“What’s up?!” I yelled. In retrospect, I regret not being more friendly and forward with my open.
“We’re good,” was her conditioned and startled response, having failed to notice me in her panicked state.
“Can I help?” I asked, again more in a panicked yell than a question.
“No, we’re good,” again she insisted.
Good??? There’s no cell reception, there’s a wreck in the middle of the tundra nowhere, it’s almost midnight, I hear crying…
“OK, I’ll … keep going … then?” I asked, and with no response as she dove into her passenger seat, I hopped back into the car that thankfully was still open.
It took us over an hour to go the remaining 22 miles. If there was more snow, that would have been fine, but it was just like two inches over a foot of ice, so we would hit these ice rink patches and start to slide. I refused to wreck, to be stranded and vulnerable with my son, even with all-wheel drive, good tires and brakes, so slow and beyond steady was the pace, never breaking 25 mph.
We pulled into the empty, pine-encircled trailhead parking lot and I made beds in the back of the Rogue, too lazy to set up the tent. Zero and beyond rated sleeping bags welcomed us. Just when it was lights out, I realized I had to pee. With nightmare memories of Mt. Marcy, I jumped out real quick to pee without my coat, like a moron, and as soon as I got back in, still shivering, I saw headlights. The snow terrorists that lived beyond the 45th parallel had come to kill us.
Upright and motionless I sat, as a light-colored SUV came barreling into the parking area. It was a sheriff’s vehicle. They whipped the truck around, did a donut and blasted out, back into the blizzard abyss. What were they doing this far out and this late? I hadn’t seen any other tire marks since the wreck.
Around 3 a.m., I woke up a little cold. This wasn’t possible. I slept in this bag in minus 14F on Mt. Marcy and was hot. It’s not the bag, I concluded, but the car. So I started it. “Car can’t trap your body heat and insulate you like the tent and the snow can,” my father would tell me two days later in Baraga, Michigan.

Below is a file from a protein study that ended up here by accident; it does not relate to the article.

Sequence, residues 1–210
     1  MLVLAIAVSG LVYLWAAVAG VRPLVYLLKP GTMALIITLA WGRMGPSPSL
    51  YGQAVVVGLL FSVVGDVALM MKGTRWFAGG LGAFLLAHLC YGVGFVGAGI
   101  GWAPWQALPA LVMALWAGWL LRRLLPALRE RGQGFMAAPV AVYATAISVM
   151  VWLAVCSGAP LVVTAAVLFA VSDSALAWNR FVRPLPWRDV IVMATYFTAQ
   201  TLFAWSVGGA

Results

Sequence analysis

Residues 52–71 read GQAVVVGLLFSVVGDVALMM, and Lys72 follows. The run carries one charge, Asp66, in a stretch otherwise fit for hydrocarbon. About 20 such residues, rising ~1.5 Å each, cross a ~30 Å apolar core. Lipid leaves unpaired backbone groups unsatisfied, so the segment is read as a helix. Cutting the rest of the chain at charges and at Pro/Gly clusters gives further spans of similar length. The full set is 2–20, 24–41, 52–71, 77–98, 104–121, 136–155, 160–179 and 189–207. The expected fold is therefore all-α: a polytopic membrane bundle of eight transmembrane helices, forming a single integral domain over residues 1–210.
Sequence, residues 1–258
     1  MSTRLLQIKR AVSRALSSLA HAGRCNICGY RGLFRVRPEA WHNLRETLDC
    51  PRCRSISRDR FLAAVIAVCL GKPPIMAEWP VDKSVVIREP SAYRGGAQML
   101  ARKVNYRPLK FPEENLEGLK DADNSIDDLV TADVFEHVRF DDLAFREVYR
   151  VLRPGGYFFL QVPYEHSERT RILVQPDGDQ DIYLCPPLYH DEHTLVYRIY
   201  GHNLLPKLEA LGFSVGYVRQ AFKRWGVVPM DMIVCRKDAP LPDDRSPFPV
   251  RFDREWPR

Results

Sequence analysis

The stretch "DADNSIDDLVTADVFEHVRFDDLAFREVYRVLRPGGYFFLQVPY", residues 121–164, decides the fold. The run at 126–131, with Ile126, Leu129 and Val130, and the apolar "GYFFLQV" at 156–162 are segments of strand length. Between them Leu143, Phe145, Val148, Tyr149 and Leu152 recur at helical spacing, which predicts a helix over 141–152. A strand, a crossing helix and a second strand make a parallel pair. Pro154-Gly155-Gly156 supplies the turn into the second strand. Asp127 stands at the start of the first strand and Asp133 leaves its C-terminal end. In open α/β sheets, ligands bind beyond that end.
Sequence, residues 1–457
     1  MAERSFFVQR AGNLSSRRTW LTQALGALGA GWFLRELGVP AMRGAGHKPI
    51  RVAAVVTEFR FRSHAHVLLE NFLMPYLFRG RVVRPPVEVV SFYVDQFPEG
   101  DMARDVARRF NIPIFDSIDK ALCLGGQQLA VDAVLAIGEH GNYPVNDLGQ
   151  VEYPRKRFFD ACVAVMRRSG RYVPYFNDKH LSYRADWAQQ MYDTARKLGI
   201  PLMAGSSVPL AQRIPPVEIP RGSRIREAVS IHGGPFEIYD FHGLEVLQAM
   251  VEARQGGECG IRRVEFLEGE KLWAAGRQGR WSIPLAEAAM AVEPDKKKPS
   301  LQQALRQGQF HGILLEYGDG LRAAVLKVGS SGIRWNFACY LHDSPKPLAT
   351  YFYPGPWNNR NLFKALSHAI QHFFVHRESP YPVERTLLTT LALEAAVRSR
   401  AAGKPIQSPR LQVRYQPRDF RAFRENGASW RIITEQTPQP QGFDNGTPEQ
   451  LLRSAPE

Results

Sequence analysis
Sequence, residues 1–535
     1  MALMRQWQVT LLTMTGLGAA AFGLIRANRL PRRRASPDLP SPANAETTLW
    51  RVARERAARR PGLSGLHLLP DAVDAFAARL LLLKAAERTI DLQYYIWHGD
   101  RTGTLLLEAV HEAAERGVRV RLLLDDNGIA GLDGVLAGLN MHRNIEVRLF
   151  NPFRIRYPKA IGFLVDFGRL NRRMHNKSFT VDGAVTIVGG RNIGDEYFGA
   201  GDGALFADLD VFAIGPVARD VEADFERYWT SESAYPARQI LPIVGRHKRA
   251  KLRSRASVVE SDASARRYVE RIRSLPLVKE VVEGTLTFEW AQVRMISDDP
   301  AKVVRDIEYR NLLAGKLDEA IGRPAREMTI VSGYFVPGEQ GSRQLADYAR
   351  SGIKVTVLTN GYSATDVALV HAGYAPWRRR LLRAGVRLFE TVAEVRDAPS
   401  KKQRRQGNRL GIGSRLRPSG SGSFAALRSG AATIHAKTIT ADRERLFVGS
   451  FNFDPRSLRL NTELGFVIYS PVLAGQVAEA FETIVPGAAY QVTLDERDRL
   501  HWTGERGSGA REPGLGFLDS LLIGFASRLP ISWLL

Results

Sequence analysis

A few hours later on Friday morning, we were up before dawn with our headlamps, attempting to get dressed against the space confinements of the vehicle, windows frosted opaque. I started the car again and kept telling my boy that the worst part of winter climbing is getting out of the sleeping bag and getting dressed when it’s in the single digits. I robbed him of that pain, I guess.
With just enough light, we filled out our backcountry permit at the wooden kiosk and started on the trail. The first mile was slow, accompanied by the loud cracking steps. Cross-country skiers had packed down the powder so we thankfully didn’t need snowshoes.
My son was ahead and thus set the pace. We took a break at the one-mile mark.
“How is your temperature?” I asked him.
“My hands are cold because I got snow in my glove.”
Hand warmers were applied.
“It’s been 45 minutes,” I told him, “we’re not going to make the summit at this pace. Six hours is all I’m allowing you to be out here, in these conditions. We have a turnaround time set for three hours, so if we’re not at the top by then, it’s over.”
He did not appreciate the turnaround deadline detail I perhaps failed to brief him on in all the months leading up to the climb, as he ran twice a week on the treadmill and walked miles along the country roads of southern Ashland County to break in his new ultralight winter hiking boots.
An example of why turnaround times are an absolute requirement: if it took four hours to get to the top, and let’s say, you sprained your ankle, it would take triple the time to get out. We become slower and slower as temps drop. The weather will change and no one wants to be caught in a storm and have to bivy. Pretty soon, people are eating fingers to survive. OK, maybe it’s not quite that Game of Thrones-y, but you get the idea.